Title: Reported Outcomes for Mister O are Highly Representative
As a non-physician advocate for chronic pain patients with 22 years experience, I see the story of Mr O repeated widely and horrendously. The current regulatory environment on opioid analgesic therapy is grossly distorted by mythologies about who becomes addicted and from what sources. Public policy is actively denying treatment to hundreds of thousands of people in agony. Doctors are fleeing practice, deserting their patients; those who do not flee are refusing the therapies that are often the only effective measures.
Director of Research
Alliance for the Treatment of Intractable Pain
Structural Iatrogenesis — A 43-Year-Old Man with “Opioid Misuse”
- Scott Stonington, M.D., Ph.D.,
- and Diana Coffa, M.D
Mr. O., a 43-year-old man with severe, destructive rheumatoid arthritis, had been receiving acetaminophen–hydrocodone at low doses from his primary care provider (PCP) for 15 years. He worked in an auto-parts factory in southeastern Michigan, and pain control was essential to maintaining his employment. His pain had been well managed on a stable regimen, and he had not shown evidence of opioid use disorder.
In 2011, his primary care clinic began requiring patient–provider agreements (“pain contracts”) and regular urine drug testing. Mr. O. participated willingly, and his tests were consistently negative for unprescribed substances. In 2014, his insurance company began to require annual prior authorization for all controlled-substance refills. Although there were small delays in receiving medication once a year when the authorization was due, the patient was able to keep his pain level stable on his usual regimen.
In 2016, Mr. O.’s PCP retired, and his care was transferred to another PCP in the same office, who followed the patient’s existing pain-management plan. The same year, the insurance company began requiring more frequent prior authorizations and then that prescriptions be sent to the pharmacy every 15 days. The new PCP was occasionally late providing these prescriptions and approving prior authorizations because of the required multistep interactions with the insurance company. Mr. O. did not own a car and had difficulty making frequent trips to the pharmacy. He began to have several-day gaps in medication. During these gaps, he experienced severe pain and mild withdrawal, as a result of which he performed poorly at work and received a citation. He became very concerned about losing his job.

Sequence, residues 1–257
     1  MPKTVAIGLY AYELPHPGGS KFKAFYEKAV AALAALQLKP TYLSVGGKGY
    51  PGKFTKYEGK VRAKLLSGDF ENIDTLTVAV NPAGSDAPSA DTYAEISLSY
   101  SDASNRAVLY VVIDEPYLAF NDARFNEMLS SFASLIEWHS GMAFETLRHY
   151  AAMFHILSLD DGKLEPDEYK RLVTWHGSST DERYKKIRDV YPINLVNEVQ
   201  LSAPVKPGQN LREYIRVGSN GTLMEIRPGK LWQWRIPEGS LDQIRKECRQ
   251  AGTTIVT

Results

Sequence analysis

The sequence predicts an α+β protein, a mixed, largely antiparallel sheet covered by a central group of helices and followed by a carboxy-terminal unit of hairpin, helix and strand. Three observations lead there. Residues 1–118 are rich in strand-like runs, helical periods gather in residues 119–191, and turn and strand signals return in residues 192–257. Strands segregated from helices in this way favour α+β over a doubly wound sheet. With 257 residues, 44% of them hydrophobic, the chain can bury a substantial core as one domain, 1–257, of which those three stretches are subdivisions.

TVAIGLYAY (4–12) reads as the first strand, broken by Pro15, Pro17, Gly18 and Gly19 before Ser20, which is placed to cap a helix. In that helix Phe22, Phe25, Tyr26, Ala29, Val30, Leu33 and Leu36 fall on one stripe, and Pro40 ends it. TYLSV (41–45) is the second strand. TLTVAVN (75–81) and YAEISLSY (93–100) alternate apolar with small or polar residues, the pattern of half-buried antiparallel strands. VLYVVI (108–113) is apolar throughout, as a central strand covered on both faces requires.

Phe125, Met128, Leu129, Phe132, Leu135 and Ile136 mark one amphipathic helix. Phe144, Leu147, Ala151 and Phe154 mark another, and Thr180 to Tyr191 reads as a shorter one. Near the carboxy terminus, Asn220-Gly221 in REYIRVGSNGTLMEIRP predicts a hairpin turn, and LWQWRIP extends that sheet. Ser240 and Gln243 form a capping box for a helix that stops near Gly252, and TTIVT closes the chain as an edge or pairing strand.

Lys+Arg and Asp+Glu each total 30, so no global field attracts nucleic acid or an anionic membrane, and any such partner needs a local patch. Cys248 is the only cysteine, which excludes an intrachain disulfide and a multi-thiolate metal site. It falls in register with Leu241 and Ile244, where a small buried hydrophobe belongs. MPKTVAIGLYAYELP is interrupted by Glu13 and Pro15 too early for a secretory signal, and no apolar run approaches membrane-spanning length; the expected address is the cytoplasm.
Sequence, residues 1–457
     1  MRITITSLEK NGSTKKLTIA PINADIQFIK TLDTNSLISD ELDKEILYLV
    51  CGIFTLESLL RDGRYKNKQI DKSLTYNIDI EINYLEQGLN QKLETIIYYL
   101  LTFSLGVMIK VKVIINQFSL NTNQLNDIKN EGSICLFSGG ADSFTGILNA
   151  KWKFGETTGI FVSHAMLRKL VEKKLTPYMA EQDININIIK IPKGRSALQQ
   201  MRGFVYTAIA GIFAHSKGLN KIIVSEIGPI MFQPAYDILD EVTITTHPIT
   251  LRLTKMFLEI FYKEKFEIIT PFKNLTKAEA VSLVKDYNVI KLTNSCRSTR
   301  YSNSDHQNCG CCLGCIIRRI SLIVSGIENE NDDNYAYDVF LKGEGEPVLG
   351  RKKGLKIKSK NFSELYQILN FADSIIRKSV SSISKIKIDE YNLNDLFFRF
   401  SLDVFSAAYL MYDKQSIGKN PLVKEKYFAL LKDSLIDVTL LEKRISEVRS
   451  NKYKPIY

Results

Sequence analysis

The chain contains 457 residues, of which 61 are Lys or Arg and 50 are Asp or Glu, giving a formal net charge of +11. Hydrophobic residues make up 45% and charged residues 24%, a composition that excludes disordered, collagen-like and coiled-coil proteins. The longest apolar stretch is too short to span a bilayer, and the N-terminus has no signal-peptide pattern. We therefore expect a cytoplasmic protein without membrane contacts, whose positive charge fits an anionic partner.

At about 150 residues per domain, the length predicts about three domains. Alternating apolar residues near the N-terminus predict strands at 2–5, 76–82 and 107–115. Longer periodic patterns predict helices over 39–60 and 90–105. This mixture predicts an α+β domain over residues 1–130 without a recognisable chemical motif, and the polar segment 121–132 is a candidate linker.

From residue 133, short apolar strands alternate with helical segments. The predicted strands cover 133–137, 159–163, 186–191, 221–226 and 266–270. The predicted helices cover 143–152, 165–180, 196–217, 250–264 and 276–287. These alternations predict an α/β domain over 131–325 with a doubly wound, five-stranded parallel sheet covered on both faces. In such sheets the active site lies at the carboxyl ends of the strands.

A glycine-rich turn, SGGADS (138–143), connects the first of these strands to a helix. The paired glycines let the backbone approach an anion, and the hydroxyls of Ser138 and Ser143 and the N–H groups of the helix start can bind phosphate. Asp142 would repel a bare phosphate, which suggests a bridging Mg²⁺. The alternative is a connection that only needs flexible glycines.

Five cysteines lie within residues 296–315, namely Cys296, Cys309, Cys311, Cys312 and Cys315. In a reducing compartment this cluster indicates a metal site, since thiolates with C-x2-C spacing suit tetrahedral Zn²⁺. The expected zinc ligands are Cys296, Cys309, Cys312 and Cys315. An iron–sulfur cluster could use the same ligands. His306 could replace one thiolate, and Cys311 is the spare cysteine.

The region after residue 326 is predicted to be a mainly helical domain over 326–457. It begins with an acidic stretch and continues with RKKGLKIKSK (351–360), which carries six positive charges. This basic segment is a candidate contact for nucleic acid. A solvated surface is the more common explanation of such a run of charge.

Mr. O. made an appointment with his PCP and requested an increase in his number of pills, wanting to “stockpile pills so that I’ll never run out.” The PCP noted that Mr. O. seemed nervous during the conversation. She noted in the chart that the interaction “made her uncomfortable.” She knew that the previous PCP had reported that Mr. O. had shown no evidence of opioid misuse, but in the current environment of vigilance regarding the risks posed by opiates, she did not feel comfortable increasing the number of pills.
Three months later, the patient submitted a urine sample that tested positive for unprescribed oxycodone. When the PCP discussed the result with Mr. O., she learned that he had obtained oxycodone from a friend during one of his gaps in medication.
The following month, oxycodone was once again found in his urine. Already overwhelmed by the frequent need for prior authorizations, and noting that Mr. O. had “violated his contract” by submitting two urine samples containing unprescribed opioids, the PCP referred him to a local pain clinic.
The wait time for an appointment at the clinic was 4 months. The PCP continued to provide prescriptions during that period, planning to stop prescribing as soon as Mr. O. had his first appointment. When he arrived at the pain clinic, Mr. O. learned that it had a policy of not prescribing opioids for the first two visits. Facing a prolonged period without his usual regimen, and having previously failed to obtain any “extra” acetaminophen–hydrocodone from his PCP, Mr. O. began purchasing his full narcotic regimen (in the form of oxycodone) from a friend.